Sunday, September 26, 2021
HomeCOVID-19Covid drug treatment is still a vital priority

Covid drug treatment is still a vital priority

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IT IS becoming increasingly clear that the hope that vaccines are the panacea to defeat Covid and therefore lockdown – in the short term anyway – is premature. As far as lockdown is concerned, in my view they were always a deus ex machina solution.  

That is not to be an ‘anti-vaxxer’ or to say that vaccines do not have an important role in the mitigation and prevention of this disease as they have always had with other diseases, as Robert Clancy, an Australian professor of pathology, explains again in the most recent edition of Quadrant, re-emphasising that success depends on a near 100 per cent vaccination rate. He is clear that must be the ambition for the Covid vaccines.

Against this he sets out in clear detail the serious limitations of Covid-19 vaccines as developed to date, and why they can’t yet achieve this in view of the uncertainties and risks revealed by the trials. They are still experimental and since they may not be efficacious, public health focus needs to turn to treatment. 

It is this section of his paper that captured my attention and strikes me as especially good and pertinent. He reports on the effectiveness of hydroxychloroquine (HCQ) now proved by treatment trials (which TCW alone in the British media has consistently reported on) and of ivermectin (IVM), both of which have been largely ignored or dismissed by medical opinion. 

Here is a summary of Professor Clancy’s conclusions:

·         The isolation and economic impact of lockdowns must have a limited horizon.

·         Planning on the basis that all this will change following the introduction of vaccines needs reassessment.

·         Early review of trial data, while showing short-term protection from significant symptomatic disease, must be tempered by evidence that infection is little reduced.

·         Current vaccines remain experimental, as issues of safety and asymptomatic infection (and the infectivity of asymptomatic carriers and the implications of these observations for non- vaccinated individuals) are assessed, as must be the duration and level of protection in those vaccinated. 

·         This data is particularly needed for those most at risk. Uncertainties regarding the capacity of current vaccines to attain herd immunity due to continued asymptomatic infection dictate that additional measures to reduce the impact of the pandemic must be put in place.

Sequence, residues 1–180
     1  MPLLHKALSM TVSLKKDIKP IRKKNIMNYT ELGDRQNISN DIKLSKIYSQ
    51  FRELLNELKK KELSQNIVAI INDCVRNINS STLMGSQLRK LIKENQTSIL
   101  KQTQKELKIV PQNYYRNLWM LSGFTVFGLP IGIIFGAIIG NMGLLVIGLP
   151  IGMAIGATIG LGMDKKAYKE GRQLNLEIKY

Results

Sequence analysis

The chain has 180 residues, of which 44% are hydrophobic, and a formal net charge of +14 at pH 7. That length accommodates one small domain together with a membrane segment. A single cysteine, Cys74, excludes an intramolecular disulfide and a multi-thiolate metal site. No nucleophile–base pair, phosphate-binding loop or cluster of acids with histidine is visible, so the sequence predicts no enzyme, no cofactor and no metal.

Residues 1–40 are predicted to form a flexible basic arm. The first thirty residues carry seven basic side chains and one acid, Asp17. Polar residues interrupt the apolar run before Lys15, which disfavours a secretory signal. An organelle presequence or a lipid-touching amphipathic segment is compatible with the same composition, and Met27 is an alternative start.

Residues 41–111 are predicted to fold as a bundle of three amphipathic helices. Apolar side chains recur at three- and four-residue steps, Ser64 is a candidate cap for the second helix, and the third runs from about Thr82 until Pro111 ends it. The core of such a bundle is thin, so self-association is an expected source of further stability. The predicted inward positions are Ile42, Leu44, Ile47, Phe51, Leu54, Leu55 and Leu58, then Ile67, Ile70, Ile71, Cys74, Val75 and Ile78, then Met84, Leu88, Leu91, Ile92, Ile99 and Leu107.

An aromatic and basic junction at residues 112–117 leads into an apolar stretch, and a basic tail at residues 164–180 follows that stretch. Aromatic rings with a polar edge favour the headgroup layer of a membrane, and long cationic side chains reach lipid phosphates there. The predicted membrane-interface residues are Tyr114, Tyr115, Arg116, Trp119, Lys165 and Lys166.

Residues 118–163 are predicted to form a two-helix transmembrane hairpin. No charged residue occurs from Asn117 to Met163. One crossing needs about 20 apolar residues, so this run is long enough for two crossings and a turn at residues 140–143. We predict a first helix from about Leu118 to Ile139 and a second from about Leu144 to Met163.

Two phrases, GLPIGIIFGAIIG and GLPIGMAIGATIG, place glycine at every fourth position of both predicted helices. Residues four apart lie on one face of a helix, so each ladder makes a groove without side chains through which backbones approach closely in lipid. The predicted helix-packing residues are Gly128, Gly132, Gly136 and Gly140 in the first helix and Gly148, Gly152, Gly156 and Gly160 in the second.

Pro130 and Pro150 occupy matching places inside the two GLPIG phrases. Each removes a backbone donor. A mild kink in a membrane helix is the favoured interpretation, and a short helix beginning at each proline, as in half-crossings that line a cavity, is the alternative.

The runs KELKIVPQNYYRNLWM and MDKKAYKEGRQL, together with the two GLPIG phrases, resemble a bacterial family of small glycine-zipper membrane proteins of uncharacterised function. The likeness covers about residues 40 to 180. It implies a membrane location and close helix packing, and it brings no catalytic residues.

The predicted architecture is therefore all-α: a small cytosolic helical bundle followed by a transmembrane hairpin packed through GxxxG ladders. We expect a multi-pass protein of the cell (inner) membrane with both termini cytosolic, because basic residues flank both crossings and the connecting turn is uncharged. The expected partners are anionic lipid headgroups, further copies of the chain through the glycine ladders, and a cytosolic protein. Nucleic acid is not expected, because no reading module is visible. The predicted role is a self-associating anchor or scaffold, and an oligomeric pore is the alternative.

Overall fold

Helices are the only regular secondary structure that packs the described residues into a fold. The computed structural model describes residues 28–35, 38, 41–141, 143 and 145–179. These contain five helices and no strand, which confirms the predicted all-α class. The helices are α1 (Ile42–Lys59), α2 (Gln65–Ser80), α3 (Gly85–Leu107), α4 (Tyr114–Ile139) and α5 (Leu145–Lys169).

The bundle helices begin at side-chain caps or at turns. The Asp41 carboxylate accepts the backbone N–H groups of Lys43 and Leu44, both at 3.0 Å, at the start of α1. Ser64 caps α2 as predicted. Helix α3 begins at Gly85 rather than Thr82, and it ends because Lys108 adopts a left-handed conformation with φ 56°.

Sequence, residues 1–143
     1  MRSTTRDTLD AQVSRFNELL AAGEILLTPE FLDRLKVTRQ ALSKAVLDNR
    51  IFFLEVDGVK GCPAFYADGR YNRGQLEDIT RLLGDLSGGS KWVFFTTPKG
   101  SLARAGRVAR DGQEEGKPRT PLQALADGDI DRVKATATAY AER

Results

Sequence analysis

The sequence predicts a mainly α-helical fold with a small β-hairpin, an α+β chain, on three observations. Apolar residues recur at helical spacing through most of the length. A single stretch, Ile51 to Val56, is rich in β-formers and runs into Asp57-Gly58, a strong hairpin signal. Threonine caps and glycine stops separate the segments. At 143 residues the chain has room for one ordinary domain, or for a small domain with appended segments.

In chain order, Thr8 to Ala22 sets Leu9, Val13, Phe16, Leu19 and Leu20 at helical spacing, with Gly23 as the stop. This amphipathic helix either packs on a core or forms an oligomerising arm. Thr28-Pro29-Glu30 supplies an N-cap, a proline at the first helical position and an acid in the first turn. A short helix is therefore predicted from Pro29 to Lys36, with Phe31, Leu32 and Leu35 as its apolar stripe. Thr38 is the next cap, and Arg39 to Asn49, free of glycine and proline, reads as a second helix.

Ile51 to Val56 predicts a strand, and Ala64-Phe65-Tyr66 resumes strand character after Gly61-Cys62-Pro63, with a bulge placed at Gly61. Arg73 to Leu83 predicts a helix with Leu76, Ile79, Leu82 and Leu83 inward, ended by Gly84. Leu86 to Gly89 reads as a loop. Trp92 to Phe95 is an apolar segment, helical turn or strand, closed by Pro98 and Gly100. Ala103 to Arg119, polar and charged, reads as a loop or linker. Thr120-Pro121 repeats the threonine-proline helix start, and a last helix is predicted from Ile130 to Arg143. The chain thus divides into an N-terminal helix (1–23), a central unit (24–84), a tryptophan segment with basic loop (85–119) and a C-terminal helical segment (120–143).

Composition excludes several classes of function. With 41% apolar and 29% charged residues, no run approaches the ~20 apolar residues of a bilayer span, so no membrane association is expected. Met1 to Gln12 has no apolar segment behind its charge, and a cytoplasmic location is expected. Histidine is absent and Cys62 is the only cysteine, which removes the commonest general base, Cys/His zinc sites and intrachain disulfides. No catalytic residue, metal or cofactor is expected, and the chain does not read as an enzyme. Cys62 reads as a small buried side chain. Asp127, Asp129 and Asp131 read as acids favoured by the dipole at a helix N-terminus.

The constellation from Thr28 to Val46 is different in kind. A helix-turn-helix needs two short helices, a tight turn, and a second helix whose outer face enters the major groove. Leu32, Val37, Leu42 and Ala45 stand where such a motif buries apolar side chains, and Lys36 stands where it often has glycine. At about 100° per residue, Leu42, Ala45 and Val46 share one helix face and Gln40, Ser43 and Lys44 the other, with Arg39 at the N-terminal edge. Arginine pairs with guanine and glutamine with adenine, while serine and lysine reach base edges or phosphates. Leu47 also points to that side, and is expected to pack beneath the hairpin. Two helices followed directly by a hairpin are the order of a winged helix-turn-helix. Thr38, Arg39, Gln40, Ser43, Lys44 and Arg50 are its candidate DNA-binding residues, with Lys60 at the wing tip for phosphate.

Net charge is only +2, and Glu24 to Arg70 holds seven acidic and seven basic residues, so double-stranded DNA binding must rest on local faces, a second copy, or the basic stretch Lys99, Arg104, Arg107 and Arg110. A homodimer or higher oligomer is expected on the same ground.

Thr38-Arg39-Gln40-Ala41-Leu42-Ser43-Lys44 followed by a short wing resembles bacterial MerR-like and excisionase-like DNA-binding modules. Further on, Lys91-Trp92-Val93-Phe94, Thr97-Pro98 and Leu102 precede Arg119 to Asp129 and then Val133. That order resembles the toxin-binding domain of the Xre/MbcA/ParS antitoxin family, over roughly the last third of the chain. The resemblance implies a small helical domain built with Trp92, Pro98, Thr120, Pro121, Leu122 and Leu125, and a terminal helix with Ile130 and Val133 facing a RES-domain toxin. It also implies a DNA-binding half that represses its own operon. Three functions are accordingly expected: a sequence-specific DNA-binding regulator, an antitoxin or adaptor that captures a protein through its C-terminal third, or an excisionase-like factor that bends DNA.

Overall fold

·         Two drugs used early reduce admission into hospital and death, including in those considered high-risk subjects, and they go a significant way to filling this need.

·         These are hydroxychloroquine (HCQ) and ivermectin (IVM), with most effective trials including nutraceutical, zinc and intracellular antibiotics. Both can be used as prophylactic or therapeutic medications.

·         From uncertain beginnings, an impressive database has more recently accumulated that strongly supports the use of HCQ and/or IVM. Their use in concert with vaccines can no longer be denied; indeed this is the only science-based option (my emphasis).

·         Governments must look at how best to manage vaccine production, as it is probable that ‘antigen drift’ will demand vaccine adjustment on a regular basis. 

·         It is important to reinforce the value of both vaccine and early drug treatment. The uncertainties as to where vaccines will travel reinforces the necessity to focus on early treatment regimens. 

·         While more effective drugs will be developed, currently HCQ and IVM fill a void and will save lives.

You can read Professor Clancy’s detailed, evidence based, scientific argument here in full. 

Robert Clancy is the Foundation Professor Pathology at the Medical School of the University of Newcastle, and Clinical Immunologist and (Previous) Head of the Newcastle Mucosal Immunology Group, with special interest in airways infection and vaccine development.

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Kathy is Editor of The Conservative Woman. She is @KathyConWom on Twitter.

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